However, because slavery is so common in Mauritania, the experience of being a slave is remarkably varied. As Kevin Bales, president of the group Free the Slaves explains, “We’re talking about hundreds of thousands of people,” he said when asked about how slaves are usually treated in Mauritania. “The answer is all of the above.” For example, some masters who no longer need the assistance of a slave send them away to slave-only villages in the countryside, where they check on them occasionally or employ informants who make sure the slaves tend to the land a don’t leave it. Fences that surround these circular villages are often made of long twigs, stuck vertically into the ground so that they look like the horns of enormous bulls submerged in the sand. Nothing ties these skeletal posts together and nothing stops people from running, but they rarely do.
Within Mauritania, there are four ethnic groups that determine the overall standing within the community, the first of which are the White Moors, who are the elite class in Mauritania and control more wealth than any other group. They consist of lighter-skinned Berber people who speak Arabic and have traditionally owned slaves. The second ethnicity group is the Black Moors, a darker-skinned people who historically have been enslaved by the White Moors. Originally from sub-Saharan Africa, the Black Moors have adopted many aspects of the Arab culture of their master and many speak Hassaniya, an Arabic dialect. Mauritania’s other darker-skinned people, who make up the third group, come from several ethnic groups, including the Pulaar, Soninke, and Wolof. Such groups can be found in Senegal, which shares Mauritania’s southern border. They look similar to Black Moors, but never were enslaved and differ in terms of culture and language. The Haratine are the fourth group, the word literally meaning “freed slaves”. However it can be used to describe people who are in slavery or who belong to the former slave class of Black Moors. Many of them exist somewhere on the spectrum between slavery and freedom and are the target of class- and race-based discrimination.
Why Does Slavery Still Exist
Like many others, you are probably wondering why slavery has continued in Mauritania long after it was abolished elsewhere? There are many factors that contribute to the complex situation. Here are a few:
|According to CNN journalists, Mauritania’s government has done little to combat slavery and in interviews denied that the practice exists.||Mauritania is an expansive and largely empty country within the Sahara Desert, a characteristic which makes it difficult to enforce any laws, including those against slavery.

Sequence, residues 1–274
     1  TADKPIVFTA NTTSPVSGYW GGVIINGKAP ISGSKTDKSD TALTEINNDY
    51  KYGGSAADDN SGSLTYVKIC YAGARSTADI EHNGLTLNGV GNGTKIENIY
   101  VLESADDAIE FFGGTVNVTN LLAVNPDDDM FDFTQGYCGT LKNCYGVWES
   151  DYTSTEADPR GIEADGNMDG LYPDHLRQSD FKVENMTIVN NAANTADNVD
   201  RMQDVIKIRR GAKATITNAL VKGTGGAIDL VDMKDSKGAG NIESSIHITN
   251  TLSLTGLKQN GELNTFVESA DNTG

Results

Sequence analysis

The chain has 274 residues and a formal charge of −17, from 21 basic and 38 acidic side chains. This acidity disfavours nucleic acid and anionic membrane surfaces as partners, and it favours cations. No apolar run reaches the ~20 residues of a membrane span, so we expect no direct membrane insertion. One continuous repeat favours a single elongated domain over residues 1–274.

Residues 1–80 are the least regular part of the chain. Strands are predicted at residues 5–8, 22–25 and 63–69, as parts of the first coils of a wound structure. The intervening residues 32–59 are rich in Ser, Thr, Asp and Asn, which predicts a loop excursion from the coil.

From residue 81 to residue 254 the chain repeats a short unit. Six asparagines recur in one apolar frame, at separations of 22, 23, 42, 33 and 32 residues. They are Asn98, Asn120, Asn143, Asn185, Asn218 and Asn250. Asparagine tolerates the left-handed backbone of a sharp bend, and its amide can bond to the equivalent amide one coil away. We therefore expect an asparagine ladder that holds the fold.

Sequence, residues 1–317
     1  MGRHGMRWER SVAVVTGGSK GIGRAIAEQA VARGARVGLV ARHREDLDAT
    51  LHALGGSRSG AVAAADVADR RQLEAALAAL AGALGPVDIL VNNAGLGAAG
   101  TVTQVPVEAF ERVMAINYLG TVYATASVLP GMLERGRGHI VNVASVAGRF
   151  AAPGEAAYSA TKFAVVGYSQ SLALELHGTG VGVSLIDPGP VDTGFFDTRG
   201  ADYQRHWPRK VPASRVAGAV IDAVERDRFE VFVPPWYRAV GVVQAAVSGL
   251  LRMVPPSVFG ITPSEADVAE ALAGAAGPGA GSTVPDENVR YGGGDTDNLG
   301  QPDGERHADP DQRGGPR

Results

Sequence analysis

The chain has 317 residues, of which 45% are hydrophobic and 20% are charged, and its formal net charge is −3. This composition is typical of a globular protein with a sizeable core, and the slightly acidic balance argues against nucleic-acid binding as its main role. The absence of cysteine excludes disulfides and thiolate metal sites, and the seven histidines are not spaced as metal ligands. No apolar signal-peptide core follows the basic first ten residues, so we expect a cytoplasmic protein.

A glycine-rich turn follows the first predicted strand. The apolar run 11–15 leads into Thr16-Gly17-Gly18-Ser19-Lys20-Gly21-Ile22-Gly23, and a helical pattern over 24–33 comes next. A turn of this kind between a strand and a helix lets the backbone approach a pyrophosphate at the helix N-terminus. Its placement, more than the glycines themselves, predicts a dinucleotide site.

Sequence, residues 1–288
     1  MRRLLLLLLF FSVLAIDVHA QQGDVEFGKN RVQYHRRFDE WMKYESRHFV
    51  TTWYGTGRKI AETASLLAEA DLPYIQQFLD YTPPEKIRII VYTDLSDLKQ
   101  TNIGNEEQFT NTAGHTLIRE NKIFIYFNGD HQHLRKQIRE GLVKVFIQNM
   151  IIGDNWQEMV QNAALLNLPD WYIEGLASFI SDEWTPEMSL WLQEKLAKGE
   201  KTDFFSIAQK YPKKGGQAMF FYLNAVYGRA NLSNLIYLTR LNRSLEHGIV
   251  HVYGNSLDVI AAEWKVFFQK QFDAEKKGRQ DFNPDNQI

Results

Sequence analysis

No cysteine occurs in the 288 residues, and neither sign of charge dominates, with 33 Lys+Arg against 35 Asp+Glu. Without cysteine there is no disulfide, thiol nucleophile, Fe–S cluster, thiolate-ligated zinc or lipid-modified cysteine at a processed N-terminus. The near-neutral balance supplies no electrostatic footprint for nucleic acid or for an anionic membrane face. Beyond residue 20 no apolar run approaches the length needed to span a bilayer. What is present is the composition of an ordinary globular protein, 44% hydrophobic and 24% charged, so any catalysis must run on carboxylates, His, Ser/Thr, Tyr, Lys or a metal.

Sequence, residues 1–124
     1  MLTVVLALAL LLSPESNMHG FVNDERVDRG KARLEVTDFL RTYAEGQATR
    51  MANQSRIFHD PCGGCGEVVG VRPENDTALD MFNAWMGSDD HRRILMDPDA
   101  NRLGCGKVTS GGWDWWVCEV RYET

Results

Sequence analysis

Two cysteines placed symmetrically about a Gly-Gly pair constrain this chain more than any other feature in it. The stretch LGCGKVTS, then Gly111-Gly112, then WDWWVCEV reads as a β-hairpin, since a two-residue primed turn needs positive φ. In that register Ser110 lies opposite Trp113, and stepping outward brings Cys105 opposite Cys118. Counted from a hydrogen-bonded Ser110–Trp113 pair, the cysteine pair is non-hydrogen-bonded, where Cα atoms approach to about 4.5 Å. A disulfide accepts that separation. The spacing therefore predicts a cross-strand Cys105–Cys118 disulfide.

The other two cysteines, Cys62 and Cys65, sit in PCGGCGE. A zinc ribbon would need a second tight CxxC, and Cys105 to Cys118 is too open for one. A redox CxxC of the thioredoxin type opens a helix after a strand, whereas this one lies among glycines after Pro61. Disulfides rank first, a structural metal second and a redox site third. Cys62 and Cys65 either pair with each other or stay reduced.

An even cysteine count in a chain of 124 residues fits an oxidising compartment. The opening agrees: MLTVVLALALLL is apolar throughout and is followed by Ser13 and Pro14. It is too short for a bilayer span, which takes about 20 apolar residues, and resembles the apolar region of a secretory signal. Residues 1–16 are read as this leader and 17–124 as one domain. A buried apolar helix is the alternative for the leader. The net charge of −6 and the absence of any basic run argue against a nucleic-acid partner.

|Local Islamic leaders, called imams, historically have spoken in favor of slavery. They make people believe that going to paradise depends on their submission.||Slavery in Mauritania is not entirely based on race, but lighter-skinned people historically have owned people with darker skin. Consequently, Mauritanians live by a rigid caste system. However, racism does run rampant in the country.||Many slaves in Mauritania do not understand that they are enslaved; they have been “brainwashed” to believe it is their place in the world to work as slaves, without pay, and without rights to their children.|
History of Slavery in Mauritania
|Circa 200 to 1900s||1905||1948||1961||1980 – 1981||1995||2005|
|According to Kevin Bales, CEO of Free the Slaves, “You can trace this back for 2,000 years.” Arab slave traders in the region that would become Mauritania capture darker-skinned people from sub-Saharan Africa and force them to work without pay.
|The colonial French administration declares an end to slavery in Mauritania, however, the abolition never takes hold.
|The United Nations adopts The Universal Declaration of Human Rights, which abolishes slavery internationally||After gaining independence from France the year before, Mauritania adopts a new constitution abolishing slavery, however, the effort has little impact, according to written accounts.
|Mauritania’s government abolishes slavery and declares that it no longer exists, however, slavery still runs rampant.
|A former slave and a former slave owner start an anti-slavery organization called SOS Slaves.
|Mauritania passes a law criminalizing slavery. It allows for a maximum prison sentence of 10 years. To date, only one legal case against a slave owner has been successfully prosecuted.